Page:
A week before Chelsea, I was at Arundel Castle in West Sussex photographing their Allium Extraganza. I was hoping to see masses of alliums, but as there were only small clusters of them, I ended up focusing my attention on individual specimens.
There are many reasons why alliums hold such allure. For me, they — along with tulips and agapanthus — are my favourite flowers to shoot. All come in a wide variety of shapes, sizes and shades and all look at their best en masse.
But if I had to pick just one to shoot, it would be alliums. What keeps drawing me to them is…well everything: their shape — especially the spherical ’pom pom’ varieties — their composition — one flower head made up of many individual florets — and even their stems.
Alliums are the most architectural of flowers, created as if mother nature had employed a draughtsman to design them, rather than an artist.
There are apparently over 700 different varieties of a genus that includes such kitchen staples as onion, garlic, scallions, shallots and chives. The ones I’m most drawn to are the ornamentals: the ones grown to look, rather than taste, good.
And boy did they look stunning at this year’s Chelsea Flower Show.
Whilst my main focus on press day is covering a few of the show gardens, I always make time to visit the Great Pavilion, where some 80 of the very best growers put on the world’s most impressive floral display.
In past years, I always made a bee-line to Interflora, whose contemporary installation showcased cutting edge floristry. Sadly, Interflora no longer take part, so last year I was thankful Marks & Spencer had a similarly innovative floral display.
This time M&S were also absent and, at a cursory glance, much of the other floristry exhibits fell into the we’ve-seen-it-all-before category.
That however couldn’t be said about WS Warmenhoven’s allium display.
As long as I can remember, alliums have been displayed – like so many cut flowers at Chelsea – lined up against a wall. This means the displays tend to look the same from one year to the next and you can only shoot them from the front.
This year, WS Warmenhoven took a different approach, with an installation you could walk around. And unlike other floral displays which often follow a conventional style, theirs was both minimal and inspired.
Rows of different varieties, each three deep, were placed in height. order. The result was a stepped-block of alliums in all shades of purples and mauves through to near white.
From a photography perspective it presented endless composition opportunities depending on where you stood and what you focused on. Even the stems, usually so non-descript, looked good with so many placed close together.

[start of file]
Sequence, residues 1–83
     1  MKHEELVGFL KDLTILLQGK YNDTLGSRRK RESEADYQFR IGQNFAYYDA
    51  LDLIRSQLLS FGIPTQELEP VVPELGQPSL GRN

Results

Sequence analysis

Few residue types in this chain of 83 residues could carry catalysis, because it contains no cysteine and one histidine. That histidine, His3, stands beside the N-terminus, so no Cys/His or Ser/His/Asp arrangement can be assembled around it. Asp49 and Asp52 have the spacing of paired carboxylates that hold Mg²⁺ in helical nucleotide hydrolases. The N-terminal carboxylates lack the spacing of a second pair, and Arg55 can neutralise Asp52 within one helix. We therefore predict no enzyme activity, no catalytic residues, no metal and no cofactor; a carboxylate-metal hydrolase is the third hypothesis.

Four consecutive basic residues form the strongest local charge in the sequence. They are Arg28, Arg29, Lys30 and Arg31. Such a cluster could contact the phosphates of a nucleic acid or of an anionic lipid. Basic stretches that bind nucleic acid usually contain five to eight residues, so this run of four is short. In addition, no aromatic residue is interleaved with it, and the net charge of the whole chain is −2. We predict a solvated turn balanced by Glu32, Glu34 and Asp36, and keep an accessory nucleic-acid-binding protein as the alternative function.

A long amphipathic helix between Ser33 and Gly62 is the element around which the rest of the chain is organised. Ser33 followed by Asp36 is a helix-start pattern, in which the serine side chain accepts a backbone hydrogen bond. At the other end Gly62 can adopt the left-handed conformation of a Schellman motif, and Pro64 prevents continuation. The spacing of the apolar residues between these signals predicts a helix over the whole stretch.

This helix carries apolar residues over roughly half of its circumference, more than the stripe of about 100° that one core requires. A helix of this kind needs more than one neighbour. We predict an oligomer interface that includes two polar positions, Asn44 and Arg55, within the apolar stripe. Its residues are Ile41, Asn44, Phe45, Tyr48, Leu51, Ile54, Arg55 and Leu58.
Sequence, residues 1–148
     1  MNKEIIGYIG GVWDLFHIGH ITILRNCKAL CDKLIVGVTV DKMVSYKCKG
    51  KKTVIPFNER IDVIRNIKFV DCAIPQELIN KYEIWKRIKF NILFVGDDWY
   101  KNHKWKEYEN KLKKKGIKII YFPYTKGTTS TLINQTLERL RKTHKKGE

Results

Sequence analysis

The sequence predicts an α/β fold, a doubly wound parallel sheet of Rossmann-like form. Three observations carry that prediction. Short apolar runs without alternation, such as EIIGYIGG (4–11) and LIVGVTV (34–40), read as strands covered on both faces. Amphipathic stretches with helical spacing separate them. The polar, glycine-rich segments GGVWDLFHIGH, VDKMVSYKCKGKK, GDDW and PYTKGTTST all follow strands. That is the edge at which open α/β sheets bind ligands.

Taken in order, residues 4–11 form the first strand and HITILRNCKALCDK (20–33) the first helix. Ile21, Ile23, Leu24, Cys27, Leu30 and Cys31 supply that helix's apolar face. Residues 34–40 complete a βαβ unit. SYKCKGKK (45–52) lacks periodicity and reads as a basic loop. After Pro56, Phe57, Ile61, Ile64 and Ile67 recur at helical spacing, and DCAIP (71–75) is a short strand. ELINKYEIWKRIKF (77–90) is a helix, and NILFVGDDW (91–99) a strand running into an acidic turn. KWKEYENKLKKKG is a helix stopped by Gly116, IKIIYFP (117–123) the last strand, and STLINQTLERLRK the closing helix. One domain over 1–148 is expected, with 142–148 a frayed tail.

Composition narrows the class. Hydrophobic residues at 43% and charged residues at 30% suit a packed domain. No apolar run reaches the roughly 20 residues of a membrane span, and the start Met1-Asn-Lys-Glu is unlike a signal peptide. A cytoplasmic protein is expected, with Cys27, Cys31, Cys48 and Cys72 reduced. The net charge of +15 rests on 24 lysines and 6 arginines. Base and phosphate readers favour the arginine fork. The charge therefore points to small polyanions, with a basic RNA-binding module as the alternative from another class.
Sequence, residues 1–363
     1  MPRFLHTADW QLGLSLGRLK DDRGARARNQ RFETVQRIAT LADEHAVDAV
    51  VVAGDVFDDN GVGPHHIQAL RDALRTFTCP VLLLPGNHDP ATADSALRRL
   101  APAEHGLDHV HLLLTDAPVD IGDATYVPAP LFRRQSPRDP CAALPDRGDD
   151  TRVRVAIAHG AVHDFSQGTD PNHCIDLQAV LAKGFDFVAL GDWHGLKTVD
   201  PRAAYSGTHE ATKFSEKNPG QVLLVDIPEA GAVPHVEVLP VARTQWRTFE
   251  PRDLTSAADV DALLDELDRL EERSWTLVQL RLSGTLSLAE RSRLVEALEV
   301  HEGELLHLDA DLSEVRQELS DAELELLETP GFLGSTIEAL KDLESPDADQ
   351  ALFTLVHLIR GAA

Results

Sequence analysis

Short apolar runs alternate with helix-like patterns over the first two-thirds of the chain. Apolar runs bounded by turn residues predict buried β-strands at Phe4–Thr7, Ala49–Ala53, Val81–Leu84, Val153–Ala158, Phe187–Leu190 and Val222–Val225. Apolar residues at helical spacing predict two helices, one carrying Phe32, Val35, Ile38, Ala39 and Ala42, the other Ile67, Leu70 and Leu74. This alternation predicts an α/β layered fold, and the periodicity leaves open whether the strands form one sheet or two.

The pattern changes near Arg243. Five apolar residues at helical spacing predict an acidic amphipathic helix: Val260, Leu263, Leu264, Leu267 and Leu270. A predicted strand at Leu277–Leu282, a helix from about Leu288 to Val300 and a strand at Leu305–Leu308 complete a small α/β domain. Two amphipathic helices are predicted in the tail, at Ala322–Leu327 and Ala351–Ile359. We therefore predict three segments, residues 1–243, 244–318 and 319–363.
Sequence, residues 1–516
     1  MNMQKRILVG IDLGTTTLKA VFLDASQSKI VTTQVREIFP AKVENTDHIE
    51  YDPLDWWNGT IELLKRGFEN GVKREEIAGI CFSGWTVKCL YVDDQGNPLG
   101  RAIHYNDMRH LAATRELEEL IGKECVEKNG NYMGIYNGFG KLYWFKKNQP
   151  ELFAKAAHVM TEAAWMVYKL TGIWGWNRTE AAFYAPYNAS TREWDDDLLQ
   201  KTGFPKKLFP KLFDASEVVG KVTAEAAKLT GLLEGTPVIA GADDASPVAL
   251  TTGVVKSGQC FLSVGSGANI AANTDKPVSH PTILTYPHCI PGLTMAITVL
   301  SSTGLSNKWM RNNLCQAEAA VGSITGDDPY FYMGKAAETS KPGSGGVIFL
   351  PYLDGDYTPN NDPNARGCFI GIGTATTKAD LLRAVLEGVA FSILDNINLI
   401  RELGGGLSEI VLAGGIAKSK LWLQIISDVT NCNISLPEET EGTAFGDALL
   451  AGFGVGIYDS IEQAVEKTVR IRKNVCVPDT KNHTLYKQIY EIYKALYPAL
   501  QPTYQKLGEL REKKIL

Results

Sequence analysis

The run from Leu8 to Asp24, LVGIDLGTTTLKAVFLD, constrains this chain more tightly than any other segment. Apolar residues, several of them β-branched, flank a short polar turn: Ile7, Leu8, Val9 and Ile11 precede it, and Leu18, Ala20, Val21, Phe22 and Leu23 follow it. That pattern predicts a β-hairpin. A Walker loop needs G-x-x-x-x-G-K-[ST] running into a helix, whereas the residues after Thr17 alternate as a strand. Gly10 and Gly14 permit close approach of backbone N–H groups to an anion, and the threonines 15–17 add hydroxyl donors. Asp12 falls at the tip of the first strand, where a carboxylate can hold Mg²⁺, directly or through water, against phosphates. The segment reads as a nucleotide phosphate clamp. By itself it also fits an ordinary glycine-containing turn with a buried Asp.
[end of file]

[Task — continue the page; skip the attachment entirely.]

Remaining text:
It was no surprise then that the Dutch allium grower, whose roots go back to 1885, won a gold medal. It was their 16th Chelsea gold.
I loved all the alliums on the display, but four varieties stood out in particular.
The appropriately named Giganteum, aka the giant ornamental onion, was not just the tallest and biggest, but the most rounded. Its deep purpleornament also make it one of the most vibrant.
And then there was Powder Puff, also purple, but a more violet shade and with smaller, softer spheres.
White Giant is another globe variety filled with hundreds of mallow-white flowers.
And then, in complete contrast, there’s the spectacular Schubertii, which look like exploding fireworks. This unique variety — which the RHS awarded its prestigious Award of Garden Merit— are also known tumbleweed onions or Persian onions.
All the alliums were grown in the Warmenhoven family’s nursery in Hillegom, The Netherlands.
Generally, alliums bloom for just six weeks each year. Depending on their variety, they start flowering in mid-May and can continue to do so through to the end of July. In order for them to be at their optimum for the shows, the stems are cut when they naturally come into flower and are then cold stored until needed.
Unlike most other flowers, alliums also look fantastic after they have gone over. Whilst the colour leaches from the seed heads, they take on a second-wind as a beautiful dried flower.
Some of those seed heads were also on display this year at Chelsea as there was another allium producer exhibiting in the Great Pavilion.
In fact this was the very first time that the Allium National Collection had been displayed at Chelsea.
Like so many flowers, the closer you get to alliums, the more their beatote is revealed. That said, I still think they look even better when they’re in bloom and grouped tightly together.
Behind the image: All these images were taken either with the iPhone 8 Plus or the Olympus OM-D E-M1 using the 75mm 1.8 lens and the camera’s built-in digital zoom. All were handheld and shot inside the Great Pavilion without any secondary lighting. I’m extremely pleased with the compositions and would say these are among my favourite floral images I’ve created in the ten years I’ve been photographing at Chelsea. All too often, what you see from events like this are photos that are not just blandly conventional in their appearance, but ones that you’d be hard-pressed to tell apart. That’s never been my approach; I’m always aiming for something out of the ordinary! Shot in London on 20 May 2019.